“I think the movie is fun. It has a lot of serious emotional stuff in it, but it’s funny in a weird way. You don’t have to worry, ‘What does the burning house mean?’ Who cares. It’s a burning house that someone lives in-—it’s funny.”–Director/writer Charlie Kaufman



FEATURING: Philip Seymour Hoffman, Samantha Morton, Catherine Keener

PLOT: Caden is a community theater director in Schenectady, New York, whose marriage and health are crumbling.  When things seem their lowest—his wife abandons him, and he believes that he’s dying—he inexplicably receives a MacArthur Genius grant.  He uses the money to create a meticulous recreation of New York City inside a warehouse, filled with actors playing characters from his own life, including one playing Caden the director himself.

Still from Synecdoche, New York


  • Synecdoche is the directorial debut of Charlie Kaufman, who has been the screenwriter behind most of Hollywood’s big-budget weird films in the past decade.  His scripting credits include Being John Malkovich (1999), Adaptation (2002), and Eternal Sunshine of the Spotless Mind (2004).
  • Kaufman began the script for Synecdoche as a horror film to be directed by frequent collaborator Spike Jonze.  Over two years the script evolved into its current tragicomedy form, and, as Jonze was busy with other projects, it was agreed that Kaufman would direct, with Jonze co-producing.
  • Synecdoche, New York won the 2008 Independent Spirit Award for best first feature.

INDELIBLE IMAGESynecdoche is a movie that weirds us out more through the concepts and dramatic situations than through the visuals, but there is a lovely image of a tattooed rose that physically sheds a real dead petal as its owner expires.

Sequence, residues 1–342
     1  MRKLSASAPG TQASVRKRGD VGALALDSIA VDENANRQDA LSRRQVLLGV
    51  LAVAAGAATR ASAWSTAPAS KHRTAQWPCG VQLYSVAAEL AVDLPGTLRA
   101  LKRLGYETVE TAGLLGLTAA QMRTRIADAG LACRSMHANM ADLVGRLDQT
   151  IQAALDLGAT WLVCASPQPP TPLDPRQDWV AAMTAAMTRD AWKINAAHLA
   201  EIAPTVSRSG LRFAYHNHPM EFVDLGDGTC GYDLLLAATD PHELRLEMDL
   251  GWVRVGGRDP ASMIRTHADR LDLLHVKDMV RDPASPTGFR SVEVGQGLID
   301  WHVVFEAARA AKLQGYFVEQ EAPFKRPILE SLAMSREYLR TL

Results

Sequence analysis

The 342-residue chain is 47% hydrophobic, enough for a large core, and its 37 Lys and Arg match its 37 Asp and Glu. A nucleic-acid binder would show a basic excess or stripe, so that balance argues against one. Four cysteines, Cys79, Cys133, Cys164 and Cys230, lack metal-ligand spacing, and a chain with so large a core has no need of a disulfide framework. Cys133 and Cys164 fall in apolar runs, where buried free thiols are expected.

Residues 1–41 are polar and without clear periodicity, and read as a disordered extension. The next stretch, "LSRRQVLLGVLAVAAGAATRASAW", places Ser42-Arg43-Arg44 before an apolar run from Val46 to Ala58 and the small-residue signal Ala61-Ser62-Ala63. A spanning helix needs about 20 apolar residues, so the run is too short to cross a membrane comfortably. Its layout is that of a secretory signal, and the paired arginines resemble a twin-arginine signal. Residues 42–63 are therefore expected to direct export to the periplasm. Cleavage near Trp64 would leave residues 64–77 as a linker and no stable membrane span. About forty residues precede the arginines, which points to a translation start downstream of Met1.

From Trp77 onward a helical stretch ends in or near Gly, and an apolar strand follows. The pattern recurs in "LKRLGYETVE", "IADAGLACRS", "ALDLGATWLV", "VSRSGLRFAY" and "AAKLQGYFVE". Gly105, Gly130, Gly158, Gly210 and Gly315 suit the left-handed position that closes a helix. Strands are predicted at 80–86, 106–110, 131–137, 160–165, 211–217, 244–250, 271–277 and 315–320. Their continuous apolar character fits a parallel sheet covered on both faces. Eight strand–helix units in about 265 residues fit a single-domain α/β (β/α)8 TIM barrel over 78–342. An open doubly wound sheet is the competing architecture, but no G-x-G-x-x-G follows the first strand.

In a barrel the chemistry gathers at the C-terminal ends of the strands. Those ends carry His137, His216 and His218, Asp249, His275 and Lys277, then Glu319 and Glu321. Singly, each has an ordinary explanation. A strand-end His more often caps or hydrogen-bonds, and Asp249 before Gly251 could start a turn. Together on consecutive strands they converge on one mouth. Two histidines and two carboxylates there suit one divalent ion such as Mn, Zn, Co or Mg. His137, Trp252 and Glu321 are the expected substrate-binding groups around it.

WHAT MAKES IT WEIRD:  Charlie Kaufman.  More to the point, Charlie Kaufman unleashed; unlike Being John Malkovich or Adaptation, where weird and puzzling events are given a rational (if obscure) answer by the end, the weirdness of Synecdoche deliberately frustrates all attempts at a logical solution.  Hazel’s house, which burns and smokes for decades without being consumed, is shamelessly absurd.  The movie is an exploration of dream logic, a life journey that fractures time, space and coherence, where individual events do not add up piece by piece on a plot level, but resolve themselves on an emotional level.

Original trailer for Synecdoche, New York

COMMENTS: “There is a secret something at play under the surface, growing like an invisible virus of thought.” This might sound like a soundbite from a pretentious review of Synecdoche, New York, but it’s actually a snippet of the soundtrack of a children’s cartoon that’s overheard in the early moments of the movie. Long before Hazel moves into her burning house with its extremely motivated seller, little clues like this have been scattered throughout to tell us that Caden Cotard’s strange world is very far away indeed from ours.

There are so many tiny bizarre details spread throughout the movie that it demands a second and third viewing to catch most of them.  Most people will not notice the fact that, according to newspapers and dates on milk cartons, several months pass on that first day.  As the movie progresses, it becomes more and more undeniable that we’re trapped in a bewildering land indeed.  A four year old child prodigy writes a novel about a virulent anti-Semite (later turned into a feature film), and kills himself at five.  Caden is pressured into buying a self-help book written by his therapist, and before cracking it open he looks it up on the Internet to find that an animated icon of himself is already shilling it: “It will change my life!”  For no reason that’s ever explained, a stalker follows him everywhere for years on end, which later qualifies him to be cast in the role of Caden Cotard in the play put on by Caden Cotard.

A synecdoche is a figure of speech in which the part is used to represent the whole (or less commonly, the whole is used to represent a part).  An example is speaking of a “head” of cattle when we mean the entire cow, saying “all hands on deck” when we mean the entire crew (not just their hands), or using the term “the big screen” to represent the entire movie industry.  In a way, every serious work of dramatic art is an attempt at synecdoche, because every story intends to say something universal about some aspect of human experience and existence by using particular characters in a particular situation as an illustration.  “Macbeth” is about unchecked ambition, with the fatally ambitious Scot playing the part that represents the deadly whole.